FDA D.I.S.C.O.: Two approvals for ALK-positive non-small cell lung cancer
FDA medical oncologists discuss the FDA approvals of brigatinib and ceritinib for ALK-positive non-small cell lung cancer.
Sanjeeve Bala: Welcome back to the DISCO. Today’s Drug Information Soundcast in Clinical Oncology from FDA’s Oncology Center of Excellence discusses two recent approvals: brigatinib, marketed as ALUNBRIG™, and ceritinib marketed as ZYKADIA®. I’m Sanjeeve Bala, a medical oncologist and acting clinical team leader at FDA.
Abhi Nair: Hi, I am Abhi Nair, also a medical oncologist here at the FDA. Non-small cell lung cancer is no longer considered a single disease. With the identification of EGFR and ALK alterations, treatment has been evolving to include more targeted approaches. The past couple of years have witnessed many approvals for patients with the ALK-positive subset of non-small cell lung cancers.
SB: Today our focus is on brigatinib for the treatment of patients with ALK-positive metastatic non-small cell lung cancer who have progressed on or are intolerant to crizotinib. We will also briefly discuss the regular approval of ceritinib for patients with metastatic non-small cell lung cancer whose tumors are ALK-positive as detected by an FDA-approved test.
AN: Sanjeeve, give us a little background on ALK-positive non-small cell lung cancer.
SB: Sure, Abhi. Tumors from approximately 3 to 7% of patients with non-small cell lung cancer have a specific type of DNA abnormality, a rearrangement in the anaplastic lymphoma kinase or ALK gene. ALK rearrangements have been reported to occur more frequently in younger patients and in light or never smokers.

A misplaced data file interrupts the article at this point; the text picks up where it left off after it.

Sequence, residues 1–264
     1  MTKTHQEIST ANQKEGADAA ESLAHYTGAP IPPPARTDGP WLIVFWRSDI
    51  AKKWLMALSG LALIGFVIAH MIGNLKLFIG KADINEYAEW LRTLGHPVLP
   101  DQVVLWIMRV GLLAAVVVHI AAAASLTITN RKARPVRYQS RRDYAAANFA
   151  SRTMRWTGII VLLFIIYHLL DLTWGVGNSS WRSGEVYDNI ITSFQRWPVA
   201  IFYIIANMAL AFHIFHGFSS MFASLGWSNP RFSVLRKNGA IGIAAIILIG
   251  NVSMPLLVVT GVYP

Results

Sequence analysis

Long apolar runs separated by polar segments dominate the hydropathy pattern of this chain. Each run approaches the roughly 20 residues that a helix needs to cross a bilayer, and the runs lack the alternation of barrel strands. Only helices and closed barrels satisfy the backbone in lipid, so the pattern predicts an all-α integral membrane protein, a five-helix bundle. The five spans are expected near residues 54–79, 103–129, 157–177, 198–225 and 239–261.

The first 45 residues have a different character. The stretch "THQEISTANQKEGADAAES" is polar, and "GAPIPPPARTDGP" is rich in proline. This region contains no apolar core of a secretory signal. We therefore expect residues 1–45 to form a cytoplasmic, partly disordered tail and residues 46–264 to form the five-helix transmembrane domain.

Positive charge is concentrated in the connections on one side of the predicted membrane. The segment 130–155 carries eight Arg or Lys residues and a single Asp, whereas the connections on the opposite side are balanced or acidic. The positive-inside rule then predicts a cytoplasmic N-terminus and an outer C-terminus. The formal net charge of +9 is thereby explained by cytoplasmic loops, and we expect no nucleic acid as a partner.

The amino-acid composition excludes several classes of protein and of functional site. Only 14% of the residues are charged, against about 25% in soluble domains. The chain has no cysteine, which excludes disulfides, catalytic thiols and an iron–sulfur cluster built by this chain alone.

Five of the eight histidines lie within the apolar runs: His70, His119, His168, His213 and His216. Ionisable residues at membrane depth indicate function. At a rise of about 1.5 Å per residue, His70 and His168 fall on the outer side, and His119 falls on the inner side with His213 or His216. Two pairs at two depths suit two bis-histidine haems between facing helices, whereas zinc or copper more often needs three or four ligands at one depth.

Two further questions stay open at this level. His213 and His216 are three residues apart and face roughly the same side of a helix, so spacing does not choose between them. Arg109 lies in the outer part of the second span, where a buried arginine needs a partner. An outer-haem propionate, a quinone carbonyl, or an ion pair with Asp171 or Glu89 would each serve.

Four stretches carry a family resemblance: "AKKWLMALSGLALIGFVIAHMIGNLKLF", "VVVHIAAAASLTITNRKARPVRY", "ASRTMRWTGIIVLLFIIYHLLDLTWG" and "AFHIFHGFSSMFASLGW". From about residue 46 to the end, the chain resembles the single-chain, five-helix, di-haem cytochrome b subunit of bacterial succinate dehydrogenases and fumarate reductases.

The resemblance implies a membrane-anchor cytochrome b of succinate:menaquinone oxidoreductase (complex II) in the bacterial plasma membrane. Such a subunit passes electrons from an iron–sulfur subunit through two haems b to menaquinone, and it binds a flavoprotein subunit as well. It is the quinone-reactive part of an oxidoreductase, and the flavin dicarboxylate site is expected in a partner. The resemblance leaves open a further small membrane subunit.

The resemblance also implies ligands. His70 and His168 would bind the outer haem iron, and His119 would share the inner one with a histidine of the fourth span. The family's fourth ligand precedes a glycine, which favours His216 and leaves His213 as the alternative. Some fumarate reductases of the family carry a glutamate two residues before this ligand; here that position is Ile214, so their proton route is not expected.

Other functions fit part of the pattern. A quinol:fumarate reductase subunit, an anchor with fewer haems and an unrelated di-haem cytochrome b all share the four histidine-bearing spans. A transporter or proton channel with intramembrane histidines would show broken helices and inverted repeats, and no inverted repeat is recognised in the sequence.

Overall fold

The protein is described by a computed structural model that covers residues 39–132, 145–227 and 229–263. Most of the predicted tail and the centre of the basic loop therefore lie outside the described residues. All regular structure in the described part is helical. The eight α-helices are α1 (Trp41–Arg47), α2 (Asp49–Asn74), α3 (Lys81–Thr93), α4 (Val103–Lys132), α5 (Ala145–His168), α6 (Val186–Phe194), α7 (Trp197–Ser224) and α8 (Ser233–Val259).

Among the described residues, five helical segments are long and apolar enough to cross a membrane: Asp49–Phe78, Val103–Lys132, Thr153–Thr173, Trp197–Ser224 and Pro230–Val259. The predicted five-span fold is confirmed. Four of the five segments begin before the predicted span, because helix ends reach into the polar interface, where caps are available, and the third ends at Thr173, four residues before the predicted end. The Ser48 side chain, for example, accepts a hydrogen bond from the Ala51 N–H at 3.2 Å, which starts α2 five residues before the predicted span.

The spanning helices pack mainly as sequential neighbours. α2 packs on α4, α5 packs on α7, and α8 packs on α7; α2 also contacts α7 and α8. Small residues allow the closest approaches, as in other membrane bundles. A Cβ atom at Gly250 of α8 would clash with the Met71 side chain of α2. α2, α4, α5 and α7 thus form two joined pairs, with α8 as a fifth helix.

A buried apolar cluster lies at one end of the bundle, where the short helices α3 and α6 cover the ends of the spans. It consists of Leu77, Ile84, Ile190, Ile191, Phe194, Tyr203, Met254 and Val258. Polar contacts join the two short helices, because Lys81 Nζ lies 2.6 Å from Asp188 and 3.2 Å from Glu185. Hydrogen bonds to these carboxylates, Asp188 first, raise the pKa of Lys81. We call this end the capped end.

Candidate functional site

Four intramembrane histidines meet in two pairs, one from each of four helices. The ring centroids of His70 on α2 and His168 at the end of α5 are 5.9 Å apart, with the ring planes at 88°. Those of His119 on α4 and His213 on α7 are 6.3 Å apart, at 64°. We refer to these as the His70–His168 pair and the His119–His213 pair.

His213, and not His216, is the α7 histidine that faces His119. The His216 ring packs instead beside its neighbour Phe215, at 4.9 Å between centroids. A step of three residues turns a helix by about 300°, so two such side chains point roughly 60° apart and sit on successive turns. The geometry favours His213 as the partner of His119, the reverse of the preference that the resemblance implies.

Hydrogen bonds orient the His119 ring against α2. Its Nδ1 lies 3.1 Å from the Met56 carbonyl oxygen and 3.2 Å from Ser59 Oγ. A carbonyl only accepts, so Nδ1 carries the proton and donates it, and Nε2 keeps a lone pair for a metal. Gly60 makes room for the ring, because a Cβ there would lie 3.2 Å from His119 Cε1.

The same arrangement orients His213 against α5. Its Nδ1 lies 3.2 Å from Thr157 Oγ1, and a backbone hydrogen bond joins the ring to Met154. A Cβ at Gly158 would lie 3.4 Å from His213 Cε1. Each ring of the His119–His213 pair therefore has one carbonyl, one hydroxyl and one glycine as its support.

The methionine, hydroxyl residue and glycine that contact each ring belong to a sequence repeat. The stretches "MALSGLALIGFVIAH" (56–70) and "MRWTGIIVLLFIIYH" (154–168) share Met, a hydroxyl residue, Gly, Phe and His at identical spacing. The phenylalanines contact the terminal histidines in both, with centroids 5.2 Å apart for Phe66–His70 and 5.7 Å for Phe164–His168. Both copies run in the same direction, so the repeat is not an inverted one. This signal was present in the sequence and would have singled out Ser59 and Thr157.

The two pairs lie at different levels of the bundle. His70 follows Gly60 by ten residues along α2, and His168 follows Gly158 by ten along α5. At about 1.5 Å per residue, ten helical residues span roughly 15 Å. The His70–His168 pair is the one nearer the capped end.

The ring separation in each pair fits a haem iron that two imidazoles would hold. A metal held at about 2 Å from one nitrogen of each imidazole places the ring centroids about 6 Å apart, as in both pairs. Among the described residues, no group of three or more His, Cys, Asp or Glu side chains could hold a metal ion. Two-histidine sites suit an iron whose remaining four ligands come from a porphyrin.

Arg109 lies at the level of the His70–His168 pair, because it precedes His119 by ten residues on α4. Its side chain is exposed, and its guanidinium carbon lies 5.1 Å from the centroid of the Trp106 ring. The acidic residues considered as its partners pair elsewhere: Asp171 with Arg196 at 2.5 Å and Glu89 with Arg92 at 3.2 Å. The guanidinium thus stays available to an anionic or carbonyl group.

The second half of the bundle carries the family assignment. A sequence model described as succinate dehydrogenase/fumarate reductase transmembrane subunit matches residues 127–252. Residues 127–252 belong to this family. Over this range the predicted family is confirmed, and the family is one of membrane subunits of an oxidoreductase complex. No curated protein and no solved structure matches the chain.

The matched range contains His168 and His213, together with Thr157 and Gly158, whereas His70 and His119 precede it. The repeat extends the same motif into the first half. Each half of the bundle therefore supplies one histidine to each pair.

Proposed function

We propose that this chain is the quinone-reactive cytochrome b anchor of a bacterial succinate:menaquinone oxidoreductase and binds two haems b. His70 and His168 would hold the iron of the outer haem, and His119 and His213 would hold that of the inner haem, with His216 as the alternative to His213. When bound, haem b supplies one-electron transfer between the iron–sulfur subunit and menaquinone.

AN: And what FDA approved drugs do we have so far for the treatment of these patients?
SB: Crizotinib, a “first generation” ALK inhibitor, received regular FDA approval in 2013 for metastatic ALK-positive NSCLC. Crizotinib was compared to standard cytotoxic chemotherapy. However, most patients progress on crizotinib within about a year, which is generally better than that which we see for conventional cytotoxic therapy. For these patients, two other ALK-inhibitors are FDA approved. Ceritinib received accelerated approval in 2014 and regular approval that we’ll discuss shortly. Also, alectinib received accelerated approval in 2015.
AN: Since you’re distinguishing accelerated and regular approval, let me recap this for our listeners. Accelerated approval is based on surrogates, like response rates, which are likely to predict clinical benefit. Regular approval is based on a direct measure of clinical benefit, such as overall survival or a clinically meaningful effect on progression-free survival.
SB: Right, and accelerated approval is contingent upon demonstration of additional supportive clinical evidence after the accelerated approval. When these requirements are met, this allows the accelerated approval to formally switch to regular approval.
AN: Thanks, Sanjeeve. So now let’s get back to brigatinib. Tell us about its mechanism of action.
SB: Brigatinib is another oral tyrosine kinase inhibitor. It has demonstrated in vitro activity against multiple kinases including ALK, ROS1, and IGF-1.
AN: Give us some insight into the FDA considerations in the approval of brigatinib.
SB: The accelerated approval was based on a non-comparative, open-label, multicenter clinical trial randomizing 222 patients to one of two different dosing regimens of brigatinib. They had locally advanced or metastatic ALK-positive non-small cell lung cancer. All patients had progressed on crizotinib. This interesting trial design randomized patients to receive brigatinib 90 mg once daily or to 180 mg once daily following a seven-day lead-in at 90 mg once daily.
Overall, about half the patients in this study had an objective response. At the recommended dosing regimen of 90 mg once daily for seven days, with escalation to 180 mg once daily, if tolerated, 53% had a confirmed objective response as measured by an independent review committee. The median duration of response was approximately 14 months.